Configuring the Service
The course is part of this learning path
This course deals with how to deploy, configure, and manage some keys aspects of Azure API management (APIM). In particular, we focus on the authentication mechanism and go into depth about how to set up OAuth 2.0, including creating the Azure AD required application registrations. To help with understanding and troubleshooting the OAuth flow, we utilize Postman to check and validate our configuration. Next, we take a look at how we can alter API requests at various scopes using API policies. Finally, we look at how to view effective API policies that span multiple scopes and also how to trace API policies during runtime.
- Deploy Azure API Management and import an existing API
- Gain an understanding of how the configure authentication against APIM using OAuth 2.0
- Implement API policies against the imported API to alter the API request
- Use Postman to make API requests against APIM and request and use OAuth authorization tokens
- Secure the imported API by requiring a valid Azure AD token
- People who want to become Azure developers and who design and build cloud solutions
- People preparing for Microsoft’s AZ-203 exam
- General knowledge of Azure
If we go to our clouddemo API management service and we see the overview, we can see we have the clouddemo.azure-api.net. We can see we've got a virtual IP address, the developer tier for this queue that we selected, and the region and the status is currently online. So, this is all the information we expected, which is great. If we go to the APIs, we can see the add API and the different types we looked at earlier. We need to find an API we can import. If you go to your favorite search engine and enter democonference api, you should be able to find the Import and publish your first API from Azure Management. We can see it's an OpenAPI Specification and it's conferenceapi on Azure websites in the format of JSON. So I'm gonna copy this URL. I'm also gonna record all these links in just a Notepad for my own reference. So, save that there. And if we actually open this in a browser, we can see the API definition here with the different operations. So this has the GetSessions, GetTopics.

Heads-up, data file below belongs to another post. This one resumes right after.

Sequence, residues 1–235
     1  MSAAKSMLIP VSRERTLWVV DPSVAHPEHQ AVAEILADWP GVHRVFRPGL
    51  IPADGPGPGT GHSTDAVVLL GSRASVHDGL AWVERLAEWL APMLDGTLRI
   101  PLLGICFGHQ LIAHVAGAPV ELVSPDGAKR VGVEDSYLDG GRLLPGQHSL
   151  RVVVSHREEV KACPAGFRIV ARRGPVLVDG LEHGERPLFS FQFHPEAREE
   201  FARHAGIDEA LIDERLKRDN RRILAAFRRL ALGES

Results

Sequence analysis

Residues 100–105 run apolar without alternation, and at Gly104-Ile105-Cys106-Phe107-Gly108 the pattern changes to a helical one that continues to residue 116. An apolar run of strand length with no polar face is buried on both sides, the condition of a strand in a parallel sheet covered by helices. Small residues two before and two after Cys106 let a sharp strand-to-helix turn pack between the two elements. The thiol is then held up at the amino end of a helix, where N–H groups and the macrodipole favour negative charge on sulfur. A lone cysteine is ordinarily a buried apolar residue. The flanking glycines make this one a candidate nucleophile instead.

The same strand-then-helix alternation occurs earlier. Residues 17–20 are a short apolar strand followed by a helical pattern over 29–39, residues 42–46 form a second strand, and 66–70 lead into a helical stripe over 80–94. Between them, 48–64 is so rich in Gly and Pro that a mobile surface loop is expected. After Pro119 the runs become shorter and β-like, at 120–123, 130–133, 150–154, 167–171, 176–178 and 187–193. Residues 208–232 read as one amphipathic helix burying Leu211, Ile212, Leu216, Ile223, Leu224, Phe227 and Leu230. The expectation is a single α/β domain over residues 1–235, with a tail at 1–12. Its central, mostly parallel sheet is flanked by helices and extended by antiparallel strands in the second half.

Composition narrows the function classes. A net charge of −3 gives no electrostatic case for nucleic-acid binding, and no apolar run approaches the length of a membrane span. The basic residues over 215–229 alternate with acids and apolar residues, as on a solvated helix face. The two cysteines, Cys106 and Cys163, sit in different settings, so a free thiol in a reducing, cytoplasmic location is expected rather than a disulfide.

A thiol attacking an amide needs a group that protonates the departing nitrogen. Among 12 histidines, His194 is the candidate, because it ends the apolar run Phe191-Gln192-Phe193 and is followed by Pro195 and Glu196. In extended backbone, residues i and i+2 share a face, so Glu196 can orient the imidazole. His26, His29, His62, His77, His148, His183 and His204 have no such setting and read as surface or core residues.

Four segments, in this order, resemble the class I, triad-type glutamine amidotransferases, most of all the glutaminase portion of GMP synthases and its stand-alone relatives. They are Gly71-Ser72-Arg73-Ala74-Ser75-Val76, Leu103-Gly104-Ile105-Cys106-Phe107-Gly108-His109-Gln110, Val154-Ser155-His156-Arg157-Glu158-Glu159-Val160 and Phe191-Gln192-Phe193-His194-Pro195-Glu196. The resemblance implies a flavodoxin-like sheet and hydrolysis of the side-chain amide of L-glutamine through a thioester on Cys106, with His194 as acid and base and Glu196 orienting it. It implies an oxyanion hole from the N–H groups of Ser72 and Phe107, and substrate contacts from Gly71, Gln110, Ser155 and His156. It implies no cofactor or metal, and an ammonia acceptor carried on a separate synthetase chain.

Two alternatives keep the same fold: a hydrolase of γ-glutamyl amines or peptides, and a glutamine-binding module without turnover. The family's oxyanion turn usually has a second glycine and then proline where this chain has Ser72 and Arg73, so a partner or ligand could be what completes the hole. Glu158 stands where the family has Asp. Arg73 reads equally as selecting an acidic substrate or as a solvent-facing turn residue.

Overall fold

If we return to the API Management service, if we go into the Add API and OpenAPI, we're gonna add here, and we paste in this URL, we can see that it recognizes the URL and calls it Demo Conference API. The products, and add the Starter and the Unlimited products, which are already defined when the service is created. And click Create. And now that's imported. So we can see we've got the Demo Conference API now in this portal, and we can see a number of operations. I'm just gonna minimize displayed so that we can see more real estate and look at one of these operations itself.
So, can we actually get some sessions back from the Demo Conference API we've just imported? We're just gonna click Test and test it within the Azure portal, and click on the GetSessions. We can see here there's a number of parameters you can pass to it. We're not so interested in that at the moment. We just wanna see the Request URL gets us some data. So if we press Send, we can see we get the HTTP response back, 200 OK, which is good, it's green, green is good. And if we look down, we can see a collection of items. So there's a session here, 100, keynotes with Dan North. We can see another record, time slots. So, this looks correct.
We wanna test this outside of the Azure portal 'cause we're likely gonna be building other applications or interacting this with another way. So I'm gonna grab this Request URL here for the sessions. I'm just gonna paste that into my Notepad over here. And we're gonna go to the Postman application. If you haven't used Postman before, it's a free app to download. There is a paid subscription which allows you to share your APIs with different team members. It's a very useful tool for orchestrating and creating API requests and troubleshooting problems with APIs.
I'd like to go through and make sure that we can access our Azure API services that we're creating using Postman as well. We've just copied in the URL for these sessions. I've done nothing more here than create a workspace and a collection called demo. Again, paste that URL in and we'll just save that, and that's gonna be called sessions. Select the collection and Save. So now, if we click the Send button, we get an Access denied due to missing subscription key. Make sure you include a subscription key when you make an API request. If we go back to the portal, when we clicked this, we went okay, so we need to understand the difference between what's happened here and what we need to do to access this externally.